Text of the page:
Parents today are faced with a myriad of options for developing discipline and physical health in their children at a young age, and one of those options that is increasing in popularity is Martial Arts instruction, including the traditional arts as well as Brazilian Jiu-Jitsu. As a Martial Arts studio owner, you will want to consider the use of liability waivers in protecting your organization and to recognize both the benefits and the susceptibilities involved in legal liability.
Most Martial Arts instruction involves close contact with others, which means that these sports are often considered riskier for the participant than individual sports. According to the American Academy of Orthopaedic Surgeons, the most common injuries associated with Martial Arts include:
These injuries most often affect the knees, ankles, shoulders, elbows, and particularly the hands (www.orthoinfo.aaos.org/en/staying-healthy/martial-arts-injury-prevention). Participants should be made aware of the risks in learning and performing Martial Arts before signing the waiver, and that is where the disclaimer becomes a valuable resource.
As a business owner, you will want to be aware of the differences between a disclaimer and a waiver, as they each serve an important purpose in your protection. A disclaimer is a statement or document intended to limit the responsibility or legal liability of a company, organization, or person (www.dictionary.com). An example of this would be a copyright disclaimer on a website for its content. A disclaimer may also be used to provide notification of the risks associated with the organization's activities. This allows the individual to make an informed decision about participation for themselves or a minor child. Some organizations require a signature on the disclaimer but that is typically left to the business owner's discretion. For sample forms and ideas on setting up your customized disclaimer, you can reach out to your local agent, and they will likely have resources and tools for you to utilize.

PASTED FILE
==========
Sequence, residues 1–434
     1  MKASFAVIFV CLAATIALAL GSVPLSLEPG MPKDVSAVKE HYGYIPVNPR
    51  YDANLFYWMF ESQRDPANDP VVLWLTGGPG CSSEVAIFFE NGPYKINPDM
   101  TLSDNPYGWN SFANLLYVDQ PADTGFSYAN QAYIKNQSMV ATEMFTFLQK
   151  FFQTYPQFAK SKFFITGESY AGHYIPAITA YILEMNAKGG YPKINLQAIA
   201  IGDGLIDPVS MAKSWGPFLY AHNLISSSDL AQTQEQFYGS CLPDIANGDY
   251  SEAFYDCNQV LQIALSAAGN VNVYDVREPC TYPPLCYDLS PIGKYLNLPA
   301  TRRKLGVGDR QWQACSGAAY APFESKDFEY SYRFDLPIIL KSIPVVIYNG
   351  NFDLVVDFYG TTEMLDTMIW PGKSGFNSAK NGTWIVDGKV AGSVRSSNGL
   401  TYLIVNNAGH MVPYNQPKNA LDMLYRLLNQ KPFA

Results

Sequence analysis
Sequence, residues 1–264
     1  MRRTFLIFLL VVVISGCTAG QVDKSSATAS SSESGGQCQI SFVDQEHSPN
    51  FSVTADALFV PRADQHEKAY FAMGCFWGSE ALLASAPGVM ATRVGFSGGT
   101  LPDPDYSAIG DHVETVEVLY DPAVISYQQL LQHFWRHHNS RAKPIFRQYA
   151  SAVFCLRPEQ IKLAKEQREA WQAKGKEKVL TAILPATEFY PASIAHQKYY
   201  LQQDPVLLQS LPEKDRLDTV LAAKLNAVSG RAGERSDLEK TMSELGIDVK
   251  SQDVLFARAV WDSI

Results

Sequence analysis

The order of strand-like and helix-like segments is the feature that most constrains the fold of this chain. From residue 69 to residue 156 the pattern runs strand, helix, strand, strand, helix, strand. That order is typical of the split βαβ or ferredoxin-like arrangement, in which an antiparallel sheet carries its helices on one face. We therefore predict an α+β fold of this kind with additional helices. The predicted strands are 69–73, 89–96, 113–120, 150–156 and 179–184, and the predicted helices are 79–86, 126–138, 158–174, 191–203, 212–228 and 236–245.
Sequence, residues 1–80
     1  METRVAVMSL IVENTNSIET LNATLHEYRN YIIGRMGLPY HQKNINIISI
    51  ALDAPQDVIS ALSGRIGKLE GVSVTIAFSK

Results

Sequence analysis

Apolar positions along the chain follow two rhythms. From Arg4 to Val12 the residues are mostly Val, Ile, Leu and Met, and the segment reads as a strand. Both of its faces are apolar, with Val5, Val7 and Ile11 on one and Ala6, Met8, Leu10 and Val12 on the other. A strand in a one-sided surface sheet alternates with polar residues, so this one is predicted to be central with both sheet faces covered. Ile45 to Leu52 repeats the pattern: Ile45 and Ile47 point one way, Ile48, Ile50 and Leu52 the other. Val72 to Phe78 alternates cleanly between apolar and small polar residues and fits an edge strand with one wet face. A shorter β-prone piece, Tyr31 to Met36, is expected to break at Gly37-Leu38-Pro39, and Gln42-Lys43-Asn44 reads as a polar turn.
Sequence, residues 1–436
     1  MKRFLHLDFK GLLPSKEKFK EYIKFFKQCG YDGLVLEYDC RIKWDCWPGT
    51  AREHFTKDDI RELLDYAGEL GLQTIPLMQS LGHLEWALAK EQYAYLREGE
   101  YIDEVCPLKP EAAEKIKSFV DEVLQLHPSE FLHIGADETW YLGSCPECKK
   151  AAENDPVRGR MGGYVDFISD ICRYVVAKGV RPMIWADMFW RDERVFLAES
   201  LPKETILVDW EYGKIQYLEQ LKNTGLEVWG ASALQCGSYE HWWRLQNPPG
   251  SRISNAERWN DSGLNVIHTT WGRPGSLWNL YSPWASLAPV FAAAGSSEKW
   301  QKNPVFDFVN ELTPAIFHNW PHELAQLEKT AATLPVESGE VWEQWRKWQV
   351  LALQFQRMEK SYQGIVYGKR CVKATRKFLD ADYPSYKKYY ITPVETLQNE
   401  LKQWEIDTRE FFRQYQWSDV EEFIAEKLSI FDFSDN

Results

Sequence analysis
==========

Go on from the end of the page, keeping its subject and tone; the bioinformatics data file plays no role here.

Although a disclaimer addresses the risks associated with activities, a waiver is an express or written statement of relinquishment of the participant's right or interest to the other party. These documents require signatures, and your school should maintain the records for future reference in the event of an injury. Many sports-related activities require a participation agreement or liability waiver that stipulates the parent's acknowledgment of the risk and a release of liability that agrees to not seek restitution from the business owner for any injuries received during the activities. Some documents include both the disclaimer and waiver language, but you will want to be sure to include an acknowledgment of risks associated with Martial-Arts activities as well as the waiver of liability for the school. Any waiver should not be considered an “iron-clad” protection but should be looked at as one layer of legal relief (www.businessinsurance.com). Even in maintaining waivers, you should be aware that if your organization or its representatives such as instructors and or staff are found to be legally negligent for a participant’s injury, the business will be on the hook for any damages due to those injuries. In other words, there are no waivers to protect against obvious legal liability due to negligence.
With the onset of COVID-19, there is also a recent addition to the liability waiver in maintaining a form for the student/parent to recognize the risks associated with gathering for classes and close contact with other students. This waiver relieves the gym owner of liability related to Covid exposure and/or contamination that causes illness. The ultimate legal viability of these waivers remains to be seen and will most likely only be recognized in the courts in future cases that involve the protection of business. Some states are looking at legislating liability relief for business owners. Arkansas and Louisiana have already issued Executive Orders relieving businesses from any legal liability due to COVID- related illness. Because of the uncertainty surrounding the COVID waivers attorneys caution business owners that the waiver should not be a license to act with carelessness. Business owners are still legally responsible for maintaining protective measures with participants and have an obligation to protect the public.
Whether you are a first-time Martial Arts business owner or considering re-opening after the pandemic, don't forget to reach out to your local agent to determine your level of risk and the best ways to insure against any losses related to legal liability from injuries. As a specialized sport, you will want to look for coverage that is specific to Martial Arts business formats. Your agent can provide valuable insight into resources available to start-up businesses and online forms that are available to you for use. At Loomis Insurance, we have agency staff that is waiting to answer your questions and help in finding solutions for your insurance needs. Give us a call today!